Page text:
On Kashmir, which is a key issue in Pakistan, the LPP opposes both the imperialism of the Indian state and the religious and national chauvinism of the Pakistani state, and calls instead for an independent Kashmir.
Even on more mundane tactical questions, the LPP leadership combines a non-sectarian and flexible approach towards the broader movement with a preparedness to advance a clear socialist alternative.
For example, on the Rawalpindi peace demo the LPP came under pressure not to sell their paper, not to distribute their leaflet, and not to march under their own banner. Some of the organizers argued that any explicitly socialist display on the demo would be divisive. The LPP, who are part of the leadership of the peace movement, rightly resisted that pressure and as a result came under fire from some of the people with whom they have worked closely. I saw no visible evidence, either on that demo or anywhere else of the he CWI. At the time of the expulsion of the LPP, the CWI claimed to have "the overwhelming support of the party's genuine activists and its trade union cadres in Lahore and Punjab province". According to LPP members I spoke to, the CWI has only one activist in the whole of Pakistan.
The only other socialist force of any significance in Pakistan is the group which is part of the international led by Ted Grant and Allan Woods. However, this group is buried in the pro-big business Pakistan Peoples Party - which has been discredited in a succession of corruption scandals and which is now supporting General Musharaf after helping bring the Taliban to power. Among those workers and youth I spoke to I found not a trace of support for the PPP. It is even more more difficult to visualize a mass movement of left wing workers and youth into the PPP than it is to imagine a large scale influx of socialists into the British Labour Party.
The Afghan Left
It was through the LPP that I was introduced to the Afghan Revolutionary Labour Organisation. A young member of this organization in Lahore travelled with me hundreds of miles across the country to the North West Frontier Province. There, he introduced me to some of the leaders of the party's leaders. Some elements of these discussions have already been reported in the Scottish Socialist Voice. However, there are some additional points worth elaborating. First, what is their background? Where did they come from? The ARLO was only founded three years ago, in 1998, around the same time as the SSP. But its key leaders have a long history of struggle. From the 1970s until the mid 1990s, the present leaders of ARLO were involved in the Maoist Afghanistan Liberation Organisation which in the past a strong base, especially in the mountain villages.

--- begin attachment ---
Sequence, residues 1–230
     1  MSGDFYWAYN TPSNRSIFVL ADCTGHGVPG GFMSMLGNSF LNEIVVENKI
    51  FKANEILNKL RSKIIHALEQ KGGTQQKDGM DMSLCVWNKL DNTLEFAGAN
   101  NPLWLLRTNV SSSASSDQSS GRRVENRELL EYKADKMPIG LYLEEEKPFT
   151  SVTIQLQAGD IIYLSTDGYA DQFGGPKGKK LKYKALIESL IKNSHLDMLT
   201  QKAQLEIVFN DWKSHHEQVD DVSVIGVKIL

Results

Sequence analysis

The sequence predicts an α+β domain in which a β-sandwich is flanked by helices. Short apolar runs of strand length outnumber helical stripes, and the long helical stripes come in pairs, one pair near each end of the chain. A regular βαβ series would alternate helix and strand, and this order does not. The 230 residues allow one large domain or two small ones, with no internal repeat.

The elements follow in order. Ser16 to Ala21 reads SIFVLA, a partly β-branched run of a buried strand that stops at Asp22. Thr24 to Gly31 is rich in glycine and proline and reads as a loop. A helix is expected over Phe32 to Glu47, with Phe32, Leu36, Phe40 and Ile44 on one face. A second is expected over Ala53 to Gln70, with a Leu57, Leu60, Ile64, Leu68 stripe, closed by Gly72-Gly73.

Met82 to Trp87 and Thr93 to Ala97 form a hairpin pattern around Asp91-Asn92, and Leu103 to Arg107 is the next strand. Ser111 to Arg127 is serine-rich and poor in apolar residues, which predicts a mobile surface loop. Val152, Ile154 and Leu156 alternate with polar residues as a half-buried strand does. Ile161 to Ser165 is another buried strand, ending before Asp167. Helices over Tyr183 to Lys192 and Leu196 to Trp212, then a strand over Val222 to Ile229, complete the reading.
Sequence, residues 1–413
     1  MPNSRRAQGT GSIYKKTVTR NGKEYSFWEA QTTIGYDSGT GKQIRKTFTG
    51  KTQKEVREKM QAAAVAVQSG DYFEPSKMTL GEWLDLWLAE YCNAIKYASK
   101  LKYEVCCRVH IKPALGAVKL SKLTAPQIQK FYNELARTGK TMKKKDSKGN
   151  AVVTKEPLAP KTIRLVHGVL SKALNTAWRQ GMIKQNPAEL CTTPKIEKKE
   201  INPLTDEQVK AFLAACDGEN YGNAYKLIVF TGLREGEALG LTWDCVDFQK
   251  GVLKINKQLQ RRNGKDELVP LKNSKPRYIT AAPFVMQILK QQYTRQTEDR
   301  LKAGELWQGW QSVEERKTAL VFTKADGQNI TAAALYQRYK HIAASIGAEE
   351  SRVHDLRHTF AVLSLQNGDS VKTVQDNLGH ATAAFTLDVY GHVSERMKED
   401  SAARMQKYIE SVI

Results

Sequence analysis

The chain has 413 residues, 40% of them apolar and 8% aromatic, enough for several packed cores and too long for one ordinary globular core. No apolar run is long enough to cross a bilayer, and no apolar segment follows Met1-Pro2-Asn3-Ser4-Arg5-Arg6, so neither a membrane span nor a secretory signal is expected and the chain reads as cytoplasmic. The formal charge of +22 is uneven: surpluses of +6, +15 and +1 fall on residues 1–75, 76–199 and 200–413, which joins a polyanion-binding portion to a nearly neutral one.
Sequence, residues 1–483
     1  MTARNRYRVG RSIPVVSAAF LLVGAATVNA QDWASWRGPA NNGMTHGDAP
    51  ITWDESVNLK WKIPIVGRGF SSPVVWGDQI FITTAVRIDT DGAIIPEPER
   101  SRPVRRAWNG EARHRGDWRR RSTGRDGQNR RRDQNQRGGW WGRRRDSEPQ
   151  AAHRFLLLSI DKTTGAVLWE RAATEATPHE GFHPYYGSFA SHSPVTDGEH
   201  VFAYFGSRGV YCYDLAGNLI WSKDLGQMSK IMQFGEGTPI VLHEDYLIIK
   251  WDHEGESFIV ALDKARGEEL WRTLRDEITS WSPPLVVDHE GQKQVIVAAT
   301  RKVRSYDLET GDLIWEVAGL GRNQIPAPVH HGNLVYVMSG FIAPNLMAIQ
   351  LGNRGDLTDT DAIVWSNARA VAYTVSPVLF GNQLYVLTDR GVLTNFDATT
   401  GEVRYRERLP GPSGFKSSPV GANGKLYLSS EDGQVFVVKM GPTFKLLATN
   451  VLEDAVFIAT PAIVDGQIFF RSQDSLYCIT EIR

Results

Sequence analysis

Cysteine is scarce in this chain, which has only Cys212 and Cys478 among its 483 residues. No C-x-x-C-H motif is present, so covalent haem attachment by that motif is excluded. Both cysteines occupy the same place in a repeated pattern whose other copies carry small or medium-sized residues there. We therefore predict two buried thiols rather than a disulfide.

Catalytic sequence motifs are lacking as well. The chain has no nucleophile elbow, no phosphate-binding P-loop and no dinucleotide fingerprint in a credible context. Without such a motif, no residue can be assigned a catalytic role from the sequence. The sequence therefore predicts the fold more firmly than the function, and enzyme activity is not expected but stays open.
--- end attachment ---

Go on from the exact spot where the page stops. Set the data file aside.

In contrast to Europe, where the upsurge in 1960s radicalism among young people led to the development of strong organizations influenced by the ideas of Trotsky, in Afghanistan and other parts of Asia the movement was dominated by the theories of Maoism.
The Afghanistan Liberation Organisation was brutally repressed by the Soviet Union on the one side and by the fundamentalist mujaheedin on the other. The core leadership of the organization - including its most prominent leader, Dr Fazi Ahmed - were kidnapped in Peshawar and disappeared without trace in 1986. But the organization became more and more centralized, more and more bureaucratic. Today it exists in exile as a hardline Maoist group. In 1996, a number of key activists left the ALO and began to lay the basis for a new party, which was more democratic and prepared to reassess the way forward.
They describe themselves as Marxist Leninist, though one of the leaders, Majit told me: "Marx died 150 years ago. Conditions have changed. We should always be prepared to rethink, to update our ideas without abandoning our principles." I asked their leadership about their attitude now towards Maoism and guerillaism. "We basically believe in Marxism. We do learn some things from Mao, because Afghanistan has similarities with China. Maoisnm has always been a powerful trend in Afghanistan. This was how another leader, Adil, expressed their position:
"During the war against the Soviet Union, we used some tactics from Mao. But we are not Maoists. Some individual members have leanings towards Maoism but essentially we are Marxists rather than Maoists. We also learn from Che Guevara, and we used some of his tactics in the Afghan resistance war, but we are not Guevarists. Marxism is our ideology."